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When a company is placed in business rescue, employee claims continue to arise in places like the Commission for Conciliation, Mediation and Arbitration (the CCMA) and the Labour Court. And, there are cases where employees who have not received payment from their employer approach the Labour Court. The question that arises is how these claims are to be addressed.


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Recently the German legislature passed a new law, exempting extraordinary profits created by the waiver of claims under restructurings from income tax liability. The amendment was necessary because the German Federal Tax Court had previously held the original administrative decree (which in a conceptually different manner avoided the tax burden on such profits) unlawful. This article gives a brief overview over the legislative history and the practical consequences of the amendment.
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The Recast Insolvency Regulation 2015/848 governs cross-border insolvency proceedings within the European Union. It provides in particular for the opening of the main proceedings by the jurisdiction of the member state where the centre of the debtor’s main interests is located (presumed to be the place of its registered office) and the opening of one or more secondary proceedings in the member states where the debtor possesses an establishment.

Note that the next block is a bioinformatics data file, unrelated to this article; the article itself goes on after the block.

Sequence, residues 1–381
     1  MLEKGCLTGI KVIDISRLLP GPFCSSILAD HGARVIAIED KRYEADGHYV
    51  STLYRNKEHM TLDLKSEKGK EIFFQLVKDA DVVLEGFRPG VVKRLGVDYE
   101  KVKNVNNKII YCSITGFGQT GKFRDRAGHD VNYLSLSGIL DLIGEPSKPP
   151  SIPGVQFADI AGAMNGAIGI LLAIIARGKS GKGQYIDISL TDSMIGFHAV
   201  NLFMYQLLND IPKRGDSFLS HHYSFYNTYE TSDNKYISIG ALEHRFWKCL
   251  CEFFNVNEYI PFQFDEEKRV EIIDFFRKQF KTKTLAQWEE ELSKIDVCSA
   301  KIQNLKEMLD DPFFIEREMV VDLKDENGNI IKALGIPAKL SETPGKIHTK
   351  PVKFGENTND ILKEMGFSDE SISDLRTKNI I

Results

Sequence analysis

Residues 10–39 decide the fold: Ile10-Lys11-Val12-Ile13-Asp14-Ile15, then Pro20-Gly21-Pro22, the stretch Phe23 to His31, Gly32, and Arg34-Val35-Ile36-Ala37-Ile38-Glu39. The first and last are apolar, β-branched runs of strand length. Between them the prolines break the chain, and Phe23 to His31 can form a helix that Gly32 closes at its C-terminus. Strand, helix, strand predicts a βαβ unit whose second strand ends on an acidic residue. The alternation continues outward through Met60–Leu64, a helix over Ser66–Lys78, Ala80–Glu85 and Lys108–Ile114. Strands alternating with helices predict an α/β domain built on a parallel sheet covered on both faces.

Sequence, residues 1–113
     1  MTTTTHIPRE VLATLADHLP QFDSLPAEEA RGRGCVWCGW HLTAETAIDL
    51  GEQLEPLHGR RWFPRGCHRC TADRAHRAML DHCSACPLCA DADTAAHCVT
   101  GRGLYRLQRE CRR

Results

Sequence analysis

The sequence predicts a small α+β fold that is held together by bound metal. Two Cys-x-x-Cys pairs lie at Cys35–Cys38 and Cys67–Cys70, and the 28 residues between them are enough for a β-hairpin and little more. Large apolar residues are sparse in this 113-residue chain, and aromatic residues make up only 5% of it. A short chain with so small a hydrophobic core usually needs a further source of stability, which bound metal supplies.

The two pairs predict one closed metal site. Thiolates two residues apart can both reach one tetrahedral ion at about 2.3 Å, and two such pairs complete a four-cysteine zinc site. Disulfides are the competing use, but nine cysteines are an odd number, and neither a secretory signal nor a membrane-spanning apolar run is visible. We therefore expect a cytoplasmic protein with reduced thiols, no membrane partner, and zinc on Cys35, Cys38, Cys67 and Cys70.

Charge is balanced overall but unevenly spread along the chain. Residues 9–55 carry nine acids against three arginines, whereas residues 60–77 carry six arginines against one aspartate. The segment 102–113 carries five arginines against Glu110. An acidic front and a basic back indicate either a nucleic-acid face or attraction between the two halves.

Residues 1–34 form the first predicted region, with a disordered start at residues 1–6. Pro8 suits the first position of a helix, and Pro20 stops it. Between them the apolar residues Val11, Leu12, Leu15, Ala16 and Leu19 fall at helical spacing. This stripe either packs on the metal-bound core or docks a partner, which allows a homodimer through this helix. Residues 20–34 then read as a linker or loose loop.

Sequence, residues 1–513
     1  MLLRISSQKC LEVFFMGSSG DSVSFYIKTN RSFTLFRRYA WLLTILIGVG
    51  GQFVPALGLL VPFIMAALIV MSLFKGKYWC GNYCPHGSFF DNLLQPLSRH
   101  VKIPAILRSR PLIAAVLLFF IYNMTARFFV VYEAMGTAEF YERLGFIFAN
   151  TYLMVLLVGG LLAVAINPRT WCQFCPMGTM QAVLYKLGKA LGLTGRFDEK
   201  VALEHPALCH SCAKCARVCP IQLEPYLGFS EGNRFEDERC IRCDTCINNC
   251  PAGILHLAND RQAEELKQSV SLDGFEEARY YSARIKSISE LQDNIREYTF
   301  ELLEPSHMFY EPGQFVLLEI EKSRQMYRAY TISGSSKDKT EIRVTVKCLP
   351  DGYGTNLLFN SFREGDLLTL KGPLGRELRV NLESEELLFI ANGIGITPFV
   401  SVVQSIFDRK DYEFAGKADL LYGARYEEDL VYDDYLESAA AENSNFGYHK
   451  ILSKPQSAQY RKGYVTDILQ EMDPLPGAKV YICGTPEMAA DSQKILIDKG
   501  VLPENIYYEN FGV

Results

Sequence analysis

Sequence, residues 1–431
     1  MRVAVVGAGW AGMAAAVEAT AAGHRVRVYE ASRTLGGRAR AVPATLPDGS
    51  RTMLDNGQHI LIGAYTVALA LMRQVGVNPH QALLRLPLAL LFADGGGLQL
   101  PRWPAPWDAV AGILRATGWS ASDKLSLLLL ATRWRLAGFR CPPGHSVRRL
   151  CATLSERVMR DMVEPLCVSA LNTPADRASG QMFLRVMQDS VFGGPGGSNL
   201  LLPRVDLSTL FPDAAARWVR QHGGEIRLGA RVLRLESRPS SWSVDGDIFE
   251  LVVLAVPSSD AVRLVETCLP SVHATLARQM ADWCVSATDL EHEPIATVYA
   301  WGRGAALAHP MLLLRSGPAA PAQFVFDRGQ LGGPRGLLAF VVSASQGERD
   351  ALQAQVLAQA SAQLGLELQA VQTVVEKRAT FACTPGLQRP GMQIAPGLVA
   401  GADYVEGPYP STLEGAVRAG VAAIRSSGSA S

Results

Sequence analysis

In the case at hand, insolvency proceedings were opened in 2012 in Romania against Izoplac, its headquarters being in Romania. In 2014, Izoplac was placed under judicial liquidation in France upon the request of a creditor. The court set the insolvency date and the Public Prosecutor petitioned for a ban on managing against the manager for failing to file for insolvency within 45 days.
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The recently published report on the evaluation of the ESUG, the German law to facilitate the restructuring of companies, states that the changes introduced by the ESUG have been received positively overall, but that there is still room for improvement in many areas. Should the EU Restructuring Directive actually be adopted at the beginning of 2019, the legislator would have the opportunity to improve the ESUG legislation and implement the EU requirements for pre-insolvency restructuring proceedings in one bill. This would give the legislator the opportunity to further increase the global competitiveness of the German insolvency code and thereby strengthen the German market as such.